MIA/MBA Dual Degree Interview

SIPA provides many opportunities for students to combine their SIPA degree with another Columbia University Degree.  One option is a dual MIA/MBA.  For a full list of our dual degree programs, click here.

S_Hartley1Scott Hartley, a joint-degree MIA/MBA student at SIPA and Columbia Business School concentrating in International Economic Policy and Entrepreneurship respectively, agreed to an interview for our office.

Scott holds a BA in Political Science from Stanford University. At Stanford, Scott was the co-recipient of the Dean of Student’s Outstanding Achievement Award for his role as Director of Stanford in Government’s international fellowship program.

Prior to graduate school, Scott interned at the White House in the National Economic Council, interned at the U.S. State Department in Geneva, Switzerland, worked at a shelter for street children in Quito, Ecuador on a fellowship from Stanford’s Haas Center for Public Service, and worked for Google, Inc in California, India, and East Africa.

What attracted you to SIPA?

“I was drawn to Columbia University, and to SIPA, because of its history, its reputation for academic excellence, and its centrality in both New York and international affairs.  On campus, SIPA avails students of rigorous academics and hands-on policy training, and outside the grounds is immediate and unparalleled engagement with the most cosmopolitan city in the world.

SIPA appealed to me because of its position within the broader context of Columbia University.  The International Economic Policy program at SIPA provided economic rigor equal to peer institutions, and did so within a world-class campus, adjoining top business and law schools.  By pursuing a joint-degree I hoped to bring together the macroeconomics of policy with the microeconomics of business.”

What experiences do you think prepared you at attend SIPA?

“SIPA is an incredibly international environment, and my global experiences prepared me to take advantage of conversations and debates with fascinating peers.  Prior to attending SIPA I had worked on five continents and traveled to 50 countries, but I had not had time to mull over books on international development, engage peers from remote corners of the globe, or listen daily to world-renowned professors.  I came to SIPA with an insatiable curiosity to learn, and I soon settled into the idyllic libraries lining the quad.  My advice to incoming students would be to come when you are most curious.”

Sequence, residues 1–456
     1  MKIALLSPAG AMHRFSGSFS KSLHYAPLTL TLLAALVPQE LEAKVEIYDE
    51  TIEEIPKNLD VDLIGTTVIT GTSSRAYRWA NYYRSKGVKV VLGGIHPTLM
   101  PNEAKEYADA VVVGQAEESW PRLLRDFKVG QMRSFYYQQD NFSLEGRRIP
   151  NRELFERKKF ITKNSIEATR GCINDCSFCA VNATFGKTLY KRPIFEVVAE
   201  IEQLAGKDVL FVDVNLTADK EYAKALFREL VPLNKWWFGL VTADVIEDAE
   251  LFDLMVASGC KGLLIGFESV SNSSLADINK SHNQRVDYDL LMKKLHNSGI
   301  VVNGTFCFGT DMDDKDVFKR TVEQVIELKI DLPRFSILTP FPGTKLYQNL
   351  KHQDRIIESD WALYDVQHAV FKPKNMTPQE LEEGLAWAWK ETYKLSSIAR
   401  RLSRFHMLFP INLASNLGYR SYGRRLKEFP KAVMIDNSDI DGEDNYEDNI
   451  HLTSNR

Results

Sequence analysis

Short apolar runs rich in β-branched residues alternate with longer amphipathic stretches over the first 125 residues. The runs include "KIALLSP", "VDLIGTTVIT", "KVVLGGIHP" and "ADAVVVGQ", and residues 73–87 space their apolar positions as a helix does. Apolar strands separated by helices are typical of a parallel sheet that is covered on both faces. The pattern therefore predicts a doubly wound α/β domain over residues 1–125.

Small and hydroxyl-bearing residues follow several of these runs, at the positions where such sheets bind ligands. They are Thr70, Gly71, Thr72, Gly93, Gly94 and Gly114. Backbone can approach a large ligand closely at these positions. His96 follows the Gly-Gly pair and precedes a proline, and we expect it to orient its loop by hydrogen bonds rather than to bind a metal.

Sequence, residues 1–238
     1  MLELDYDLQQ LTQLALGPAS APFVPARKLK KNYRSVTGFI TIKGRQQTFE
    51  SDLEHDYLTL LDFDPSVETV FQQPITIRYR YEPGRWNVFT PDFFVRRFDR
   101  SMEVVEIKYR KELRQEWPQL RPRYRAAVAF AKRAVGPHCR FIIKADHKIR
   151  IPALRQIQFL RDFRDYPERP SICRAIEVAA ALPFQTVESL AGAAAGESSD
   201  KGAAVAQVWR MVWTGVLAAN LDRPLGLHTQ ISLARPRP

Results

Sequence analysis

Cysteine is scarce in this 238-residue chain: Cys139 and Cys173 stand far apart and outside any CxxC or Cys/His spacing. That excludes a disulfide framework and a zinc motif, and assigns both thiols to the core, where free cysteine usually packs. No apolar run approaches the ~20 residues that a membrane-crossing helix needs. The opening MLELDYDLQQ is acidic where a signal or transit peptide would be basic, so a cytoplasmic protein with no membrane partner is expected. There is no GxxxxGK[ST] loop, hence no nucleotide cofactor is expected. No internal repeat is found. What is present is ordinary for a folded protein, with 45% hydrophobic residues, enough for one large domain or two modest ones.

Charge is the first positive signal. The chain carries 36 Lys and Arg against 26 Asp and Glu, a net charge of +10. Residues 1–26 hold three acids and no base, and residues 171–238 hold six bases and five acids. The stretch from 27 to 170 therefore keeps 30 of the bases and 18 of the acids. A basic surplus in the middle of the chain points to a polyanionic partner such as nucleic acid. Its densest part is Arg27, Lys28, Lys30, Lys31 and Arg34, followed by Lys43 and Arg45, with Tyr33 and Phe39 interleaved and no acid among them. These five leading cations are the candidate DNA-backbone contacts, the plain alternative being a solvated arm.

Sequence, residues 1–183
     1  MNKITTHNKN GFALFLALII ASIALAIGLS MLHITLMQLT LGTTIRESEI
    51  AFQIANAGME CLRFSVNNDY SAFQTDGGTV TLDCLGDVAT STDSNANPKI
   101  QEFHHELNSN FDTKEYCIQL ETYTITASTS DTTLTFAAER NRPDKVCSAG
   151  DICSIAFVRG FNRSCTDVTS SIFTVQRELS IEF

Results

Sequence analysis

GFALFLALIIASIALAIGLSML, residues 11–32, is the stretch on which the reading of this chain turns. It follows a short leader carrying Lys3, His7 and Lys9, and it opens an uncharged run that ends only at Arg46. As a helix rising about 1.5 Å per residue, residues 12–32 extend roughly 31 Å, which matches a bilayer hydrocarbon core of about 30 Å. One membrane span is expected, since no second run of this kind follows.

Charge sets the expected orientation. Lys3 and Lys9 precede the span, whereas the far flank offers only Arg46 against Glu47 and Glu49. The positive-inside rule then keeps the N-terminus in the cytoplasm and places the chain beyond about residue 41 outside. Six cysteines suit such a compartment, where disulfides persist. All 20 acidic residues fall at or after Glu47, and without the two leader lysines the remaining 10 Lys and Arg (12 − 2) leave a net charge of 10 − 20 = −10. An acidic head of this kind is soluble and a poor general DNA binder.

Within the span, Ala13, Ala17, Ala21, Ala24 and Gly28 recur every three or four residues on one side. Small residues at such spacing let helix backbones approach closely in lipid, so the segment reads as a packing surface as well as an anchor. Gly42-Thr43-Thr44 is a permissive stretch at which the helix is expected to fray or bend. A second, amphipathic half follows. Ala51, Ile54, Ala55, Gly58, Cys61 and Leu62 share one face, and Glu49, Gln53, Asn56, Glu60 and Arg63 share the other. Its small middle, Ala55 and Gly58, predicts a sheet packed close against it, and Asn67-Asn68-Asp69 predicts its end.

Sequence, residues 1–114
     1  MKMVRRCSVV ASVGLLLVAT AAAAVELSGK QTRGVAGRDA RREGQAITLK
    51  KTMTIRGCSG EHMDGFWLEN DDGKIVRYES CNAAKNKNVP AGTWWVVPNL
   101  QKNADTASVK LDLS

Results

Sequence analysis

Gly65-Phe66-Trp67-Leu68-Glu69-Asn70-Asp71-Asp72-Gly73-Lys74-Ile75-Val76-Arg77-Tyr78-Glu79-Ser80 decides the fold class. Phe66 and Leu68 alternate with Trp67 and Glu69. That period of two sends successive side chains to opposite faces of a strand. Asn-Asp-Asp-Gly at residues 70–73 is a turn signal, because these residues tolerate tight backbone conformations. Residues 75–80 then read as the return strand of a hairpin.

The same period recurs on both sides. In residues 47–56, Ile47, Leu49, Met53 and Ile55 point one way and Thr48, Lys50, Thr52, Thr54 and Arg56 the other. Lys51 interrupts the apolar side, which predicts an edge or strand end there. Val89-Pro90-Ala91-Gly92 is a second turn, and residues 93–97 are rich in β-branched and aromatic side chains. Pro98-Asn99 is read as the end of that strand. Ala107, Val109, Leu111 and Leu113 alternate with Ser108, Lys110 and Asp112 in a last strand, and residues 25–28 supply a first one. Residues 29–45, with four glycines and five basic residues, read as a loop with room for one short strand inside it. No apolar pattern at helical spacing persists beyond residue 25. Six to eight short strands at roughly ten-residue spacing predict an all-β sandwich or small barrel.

SIPA features lots of events for students to attend. Is there any interesting presentation that you have attended that you could comment upon?

“Each fall, New York City begins to buzz with activity when the United Nations hosts the General Assembly.  During my first month at Columbia, the World Leaders Forum enabled me to hear half a dozen heads of state speak on campus.  Even more impressive, however, were some of the economics lectures.  Last year I listened to a panel consisting of Joseph Stiglitz, Kenneth Arrow, and Robert Solow, three Nobel Prize-winning economists, debate current events, the financial crisis, and fiscal and monetary response.”

Have you taken classes at other Columbia Schools?

“One of the strongest advantages of SIPA vis-à-vis its policy school peers is availability of cross-registration within Columbia University.  As a joint-degree student, it goes without saying that my educational experience is composite.  But I’ve also been able to take advantage of Columbia Law School.  Last year I took a writing seminar on the Legal Aspects of U.S. Foreign Economic Policy taught by former Ambassador and Presidential Advisor Richard Gardner.

The course was structured as a bi-partisan Presidential Panel, and at the end of the course many final papers were distributed in Washington.  My paper was forwarded to the U.S. Deputy National Security Advisor for International Economics, and I was later invited to present on included topics at the Center for Strategic & International Studies (CSIS).  This is but one example of the amazing opportunities that are a function of SIPA’s broader role within Columbia University.”

Can you please talk about your internship experience?

“Coming from a background in policy and technology, I wanted to use my SIPA summer to conjoin these two interests.  While many of my peers journeyed to far-flung corners of the globe, I moved to Cambridge and spent my summer at the Berkman Center for Internet & Society at Harvard University, writing on Internet cooperation and the impact new media was having on democratic processes.

While my official project resulted in a 120-page study on Kiva.org that evaluated cooperative lending models and the impact of online solidarity, my unofficial musings became two editorials in Foreign Policy, the Jakarta Globe, and Policy Innovations, and over a dozen pieces for the Internet & Democracy webpage, each discussing the growing impact of technology on politics.  My summer internship, part of the SIPA requirement, provided me with one of the richest experiences of my life, and the chance to gain confidence and voice.”